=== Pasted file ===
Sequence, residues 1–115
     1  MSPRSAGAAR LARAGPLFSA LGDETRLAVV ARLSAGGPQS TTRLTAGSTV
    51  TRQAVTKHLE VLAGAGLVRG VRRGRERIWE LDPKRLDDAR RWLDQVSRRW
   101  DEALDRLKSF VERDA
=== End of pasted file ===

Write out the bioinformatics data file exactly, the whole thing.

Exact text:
Sequence, residues 1–115
     1  MSPRSAGAAR LARAGPLFSA LGDETRLAVV ARLSAGGPQS TTRLTAGSTV
    51  TRQAVTKHLE VLAGAGLVRG VRRGRERIWE LDPKRLDDAR RWLDQVSRRW
   101  DEALDRLKSF VERDA